• Backup method 1 is Time Machine. I have an Apple Time Capsule router that has a hard drive built into it so every Mac in my house is continuously and wirelessly backed up with Time Machine.
  • Backup method 2 is my offsite backup. Instead of using Time Machine for this backup (which I could do) I use Carbon Copy Cloner and clone the entire computer's hard drive to a portable USB hard drive. I take that hard drive into work and leave it there. Every 2-weeks I have a reminder to take that hard drive home and perform a new clone of my computer hard drives, but I make sure that drive never stays in the house any more than overnight.

If you have a Mac, backup is incredibly simple, free, and built right into the computer's operating system. Just go out and buy an external hard drive that has at least twice the capacity of the hard drive you are trying to backup, plug it onto your Mac and turn on Time Machine. That is your on-site backup. You can get a 2nd external hard drive and so the same thing except take that drive offsite (either take it to work or store it at the house of a family member or friend). The other option for offsite backup is to pay for a cloud backup service like Backblaze or Crashplan. For just a few bucks a months and the flip of a software switch you will ensure you will never lose a piece of your data. I've used both of these services before and they are both excellent. I don't use either now because our house is located in a place we like to call "the place the internet goes to die"...we don't get fast reliable internet data so pushing a lot of data through our home internet just isn't feasible. What ever you decide to do just make sure you take the 2 method approach I describe above. Don't let the voice in the back of your head tell you that this is too expensive. The "stupid thing I just did" could have just as easily installed a piece of software that encrypted my entire hard drive and held it for ransom until I paid the developer an enormous sum of money to give me the key (yes, this type of thing really does happen). A simple virus could also just as easily wipe out your entire computer. How much is it worth to you to secure you data to make sure you don't lose everything? Can you really compare that value to the cost of a few external hard drives or a few bucks a month for a cloud backup service? I think not.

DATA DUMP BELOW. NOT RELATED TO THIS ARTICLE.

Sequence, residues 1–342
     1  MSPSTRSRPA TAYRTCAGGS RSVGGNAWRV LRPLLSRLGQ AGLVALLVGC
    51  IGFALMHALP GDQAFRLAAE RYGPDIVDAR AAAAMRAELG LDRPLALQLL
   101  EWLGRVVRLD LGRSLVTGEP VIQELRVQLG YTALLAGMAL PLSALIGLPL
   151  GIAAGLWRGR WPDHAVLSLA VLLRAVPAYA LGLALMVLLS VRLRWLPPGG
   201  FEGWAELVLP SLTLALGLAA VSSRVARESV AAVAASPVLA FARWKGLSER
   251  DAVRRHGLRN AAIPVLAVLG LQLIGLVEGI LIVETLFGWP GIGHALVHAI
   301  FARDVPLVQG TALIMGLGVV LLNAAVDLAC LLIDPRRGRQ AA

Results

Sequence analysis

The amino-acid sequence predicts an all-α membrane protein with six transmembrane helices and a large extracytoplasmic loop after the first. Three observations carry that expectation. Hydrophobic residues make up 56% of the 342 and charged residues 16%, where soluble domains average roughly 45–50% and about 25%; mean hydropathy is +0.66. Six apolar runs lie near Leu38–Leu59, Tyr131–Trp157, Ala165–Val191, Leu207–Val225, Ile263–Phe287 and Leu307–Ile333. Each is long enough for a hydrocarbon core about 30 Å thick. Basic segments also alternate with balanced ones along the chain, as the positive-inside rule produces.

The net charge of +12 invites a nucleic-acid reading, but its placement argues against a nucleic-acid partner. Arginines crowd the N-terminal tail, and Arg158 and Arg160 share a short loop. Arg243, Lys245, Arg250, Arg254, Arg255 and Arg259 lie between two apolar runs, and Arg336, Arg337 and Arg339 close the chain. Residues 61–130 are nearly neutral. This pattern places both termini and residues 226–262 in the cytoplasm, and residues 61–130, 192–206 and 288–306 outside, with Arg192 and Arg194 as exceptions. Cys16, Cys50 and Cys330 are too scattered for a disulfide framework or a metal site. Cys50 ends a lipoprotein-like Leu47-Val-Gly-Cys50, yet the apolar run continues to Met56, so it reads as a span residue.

I'm Done With Online Ads

This stupid thing I did was the last straw, there will be no more website ads in my house. The Forge website is a site that gets a lot of traffic from kids, but the ads on that site are designed to prey on those kids...posing as buttons to install Forge but instead installing something entirely different (something that makes that company money at the expense of the kids and their parents). The ads on this site are targeting kids. There is a special level of hell for people that prey on kids and online predators are no exception (yes, I am classifying online advertisers a child predators). If you stalk and take advantage of a child you are a predator (granted there are various levels of severity when you classify it this way).